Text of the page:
Ac c ording to New England Journal of Medic ine, 2007, even a short exposure to traffic fumes c an
inc rease your c hanc es of Heart Disease, inc luding heart attac k. People who exerc ise in areas where there
is heavy traffic may be espec ially at risk, researc hers say.

M ahatma Ghandhi on Env ironme ntal pollution


Mahtma Gandhi had said that nature has enough to satisfy everyone’s need but
has not enough to satisfy man’s greed. Sadly our ever-expanding greed has put
us in suc h prec arious situation. Will we realise it? T he polic y of industrialisation
had helped ric h to bec ome ric her and poor bec ome poorer. T he disparity has
widened. It is the democ ratic system followed in the c ountry whic h has forc ed
our polic y-makers to think of growth for all. T hat is why we are hearing plans for
inc lusive growth. Industrialisation is not without pric e. All these have a direc t
bearing on environmental pollution leading to c limatic c hange. We are all
witness to the deleterious effec ts of c limate c hange. T he whole world is now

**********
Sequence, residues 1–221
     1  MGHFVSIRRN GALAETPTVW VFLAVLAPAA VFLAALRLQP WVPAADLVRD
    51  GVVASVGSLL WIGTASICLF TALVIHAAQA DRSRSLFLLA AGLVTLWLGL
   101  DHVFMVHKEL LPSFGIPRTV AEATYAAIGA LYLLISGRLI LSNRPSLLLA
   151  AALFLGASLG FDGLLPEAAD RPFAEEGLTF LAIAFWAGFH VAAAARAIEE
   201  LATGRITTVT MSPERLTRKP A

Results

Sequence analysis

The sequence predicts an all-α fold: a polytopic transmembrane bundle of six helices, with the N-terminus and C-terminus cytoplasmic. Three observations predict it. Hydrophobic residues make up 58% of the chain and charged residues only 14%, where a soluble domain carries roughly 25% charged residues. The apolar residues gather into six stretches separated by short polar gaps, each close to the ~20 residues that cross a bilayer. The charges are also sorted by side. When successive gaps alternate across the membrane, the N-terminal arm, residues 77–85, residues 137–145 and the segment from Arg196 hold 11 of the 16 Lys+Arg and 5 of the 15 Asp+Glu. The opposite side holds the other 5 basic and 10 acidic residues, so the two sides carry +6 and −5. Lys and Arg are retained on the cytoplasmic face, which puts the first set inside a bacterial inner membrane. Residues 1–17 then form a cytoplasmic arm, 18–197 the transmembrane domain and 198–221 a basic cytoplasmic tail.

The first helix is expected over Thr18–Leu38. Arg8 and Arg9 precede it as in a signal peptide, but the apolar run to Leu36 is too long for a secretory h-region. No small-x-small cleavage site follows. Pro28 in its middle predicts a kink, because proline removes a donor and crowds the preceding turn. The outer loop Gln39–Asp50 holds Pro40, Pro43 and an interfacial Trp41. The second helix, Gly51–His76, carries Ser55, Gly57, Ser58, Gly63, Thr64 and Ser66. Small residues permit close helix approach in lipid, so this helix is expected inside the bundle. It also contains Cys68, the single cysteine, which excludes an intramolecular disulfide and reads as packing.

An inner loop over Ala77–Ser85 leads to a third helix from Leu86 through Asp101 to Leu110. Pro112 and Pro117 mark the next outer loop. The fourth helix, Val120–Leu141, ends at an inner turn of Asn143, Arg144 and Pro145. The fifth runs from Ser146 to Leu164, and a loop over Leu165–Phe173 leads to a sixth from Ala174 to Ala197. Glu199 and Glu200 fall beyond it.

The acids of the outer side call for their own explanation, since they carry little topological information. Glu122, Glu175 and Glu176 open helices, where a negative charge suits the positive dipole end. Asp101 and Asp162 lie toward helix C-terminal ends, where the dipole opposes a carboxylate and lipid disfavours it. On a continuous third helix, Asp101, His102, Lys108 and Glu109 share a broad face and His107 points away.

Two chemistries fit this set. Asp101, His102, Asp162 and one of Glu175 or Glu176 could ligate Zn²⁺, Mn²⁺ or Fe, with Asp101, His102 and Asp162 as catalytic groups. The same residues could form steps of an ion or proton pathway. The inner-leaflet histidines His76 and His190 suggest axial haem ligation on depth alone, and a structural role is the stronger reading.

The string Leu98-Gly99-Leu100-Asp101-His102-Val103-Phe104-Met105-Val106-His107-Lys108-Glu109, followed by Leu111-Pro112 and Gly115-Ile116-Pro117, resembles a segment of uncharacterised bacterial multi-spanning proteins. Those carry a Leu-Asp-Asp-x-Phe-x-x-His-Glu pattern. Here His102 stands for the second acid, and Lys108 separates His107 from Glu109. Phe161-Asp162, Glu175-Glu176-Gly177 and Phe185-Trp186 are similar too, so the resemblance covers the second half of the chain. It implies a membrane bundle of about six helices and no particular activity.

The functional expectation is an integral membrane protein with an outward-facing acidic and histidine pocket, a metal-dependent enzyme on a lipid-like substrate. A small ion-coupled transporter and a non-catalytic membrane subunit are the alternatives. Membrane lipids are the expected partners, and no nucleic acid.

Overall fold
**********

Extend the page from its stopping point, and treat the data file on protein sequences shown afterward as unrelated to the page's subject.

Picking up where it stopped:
anxious to repair the damage.
Inv asiv e alie n spe cie s
Invasive alien spec ies are spec ies whose introduc tion and/or spread outside
their natural habitats threatens biologic al diversity. T hey oc c ur in all groups,
inc luding animals, plants, fungi, bac teria and viruses, and c an affec t all types of
ec osystems. T hey c an direc tly affec t human health. Infec tious diseases are
often trac ed to IAS im ported by travellers or vec tored by exotic spec ies of birds,
rodents and insec ts. IAS also have indirec t health effec ts on humans as a result
of the use of pestic ides and herbic ides, whic h pollute water and soil. T hey may Mahatma Ghandhi
look harmless but are dangerous, mainly c ausing flu, allergies, respiratory
disorders and even infertility among humans and animals. Sometimes they
manifest themselves as bird flu and at other times as foot-and-mouth disease and
mad c ow disease and lead to massive destruc tion of livestoc k populations. T he
biggest c asualty of suc h spec ies has been our ric h biodiversity, and threats to